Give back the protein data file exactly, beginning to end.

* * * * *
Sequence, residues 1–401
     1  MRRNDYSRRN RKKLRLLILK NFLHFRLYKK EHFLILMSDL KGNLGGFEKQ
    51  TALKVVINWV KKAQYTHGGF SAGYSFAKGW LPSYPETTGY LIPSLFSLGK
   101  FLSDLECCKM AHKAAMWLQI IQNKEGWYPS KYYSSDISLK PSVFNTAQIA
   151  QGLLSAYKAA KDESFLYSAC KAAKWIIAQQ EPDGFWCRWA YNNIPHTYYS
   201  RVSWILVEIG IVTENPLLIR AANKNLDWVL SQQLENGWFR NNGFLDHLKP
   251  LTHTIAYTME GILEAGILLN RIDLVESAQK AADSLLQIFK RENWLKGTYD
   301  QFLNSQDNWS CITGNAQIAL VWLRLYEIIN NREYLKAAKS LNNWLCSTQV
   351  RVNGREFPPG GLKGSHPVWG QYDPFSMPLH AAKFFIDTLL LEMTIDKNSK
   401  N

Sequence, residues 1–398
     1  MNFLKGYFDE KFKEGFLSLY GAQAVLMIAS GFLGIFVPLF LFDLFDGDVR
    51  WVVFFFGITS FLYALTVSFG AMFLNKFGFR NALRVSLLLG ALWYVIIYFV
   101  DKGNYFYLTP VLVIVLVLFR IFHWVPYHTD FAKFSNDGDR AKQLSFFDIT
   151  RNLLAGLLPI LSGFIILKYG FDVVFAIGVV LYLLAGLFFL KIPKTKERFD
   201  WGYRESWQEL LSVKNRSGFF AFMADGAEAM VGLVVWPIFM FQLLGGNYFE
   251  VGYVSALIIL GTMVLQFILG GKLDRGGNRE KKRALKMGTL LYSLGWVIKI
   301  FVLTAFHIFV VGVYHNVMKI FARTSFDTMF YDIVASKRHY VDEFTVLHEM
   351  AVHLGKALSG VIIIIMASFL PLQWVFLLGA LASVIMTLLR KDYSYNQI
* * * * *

Sequence, residues 1–401
     1  MRRNDYSRRN RKKLRLLILK NFLHFRLYKK EHFLILMSDL KGNLGGFEKQ
    51  TALKVVINWV KKAQYTHGGF SAGYSFAKGW LPSYPETTGY LIPSLFSLGK
   101  FLSDLECCKM AHKAAMWLQI IQNKEGWYPS KYYSSDISLK PSVFNTAQIA
   151  QGLLSAYKAA KDESFLYSAC KAAKWIIAQQ EPDGFWCRWA YNNIPHTYYS
   201  RVSWILVEIG IVTENPLLIR AANKNLDWVL SQQLENGWFR NNGFLDHLKP
   251  LTHTIAYTME GILEAGILLN RIDLVESAQK AADSLLQIFK RENWLKGTYD
   301  QFLNSQDNWS CITGNAQIAL VWLRLYEIIN NREYLKAAKS LNNWLCSTQV
   351  RVNGREFPPG GLKGSHPVWG QYDPFSMPLH AAKFFIDTLL LEMTIDKNSK
   401  N

Sequence, residues 1–398
     1  MNFLKGYFDE KFKEGFLSLY GAQAVLMIAS GFLGIFVPLF LFDLFDGDVR
    51  WVVFFFGITS FLYALTVSFG AMFLNKFGFR NALRVSLLLG ALWYVIIYFV
   101  DKGNYFYLTP VLVIVLVLFR IFHWVPYHTD FAKFSNDGDR AKQLSFFDIT
   151  RNLLAGLLPI LSGFIILKYG FDVVFAIGVV LYLLAGLFFL KIPKTKERFD
   201  WGYRESWQEL LSVKNRSGFF AFMADGAEAM VGLVVWPIFM FQLLGGNYFE
   251  VGYVSALIIL GTMVLQFILG GKLDRGGNRE KKRALKMGTL LYSLGWVIKI
   301  FVLTAFHIFV VGVYHNVMKI FARTSFDTMF YDIVASKRHY VDEFTVLHEM
   351  AVHLGKALSG VIIIIMASFL PLQWVFLLGA LASVIMTLLR KDYSYNQI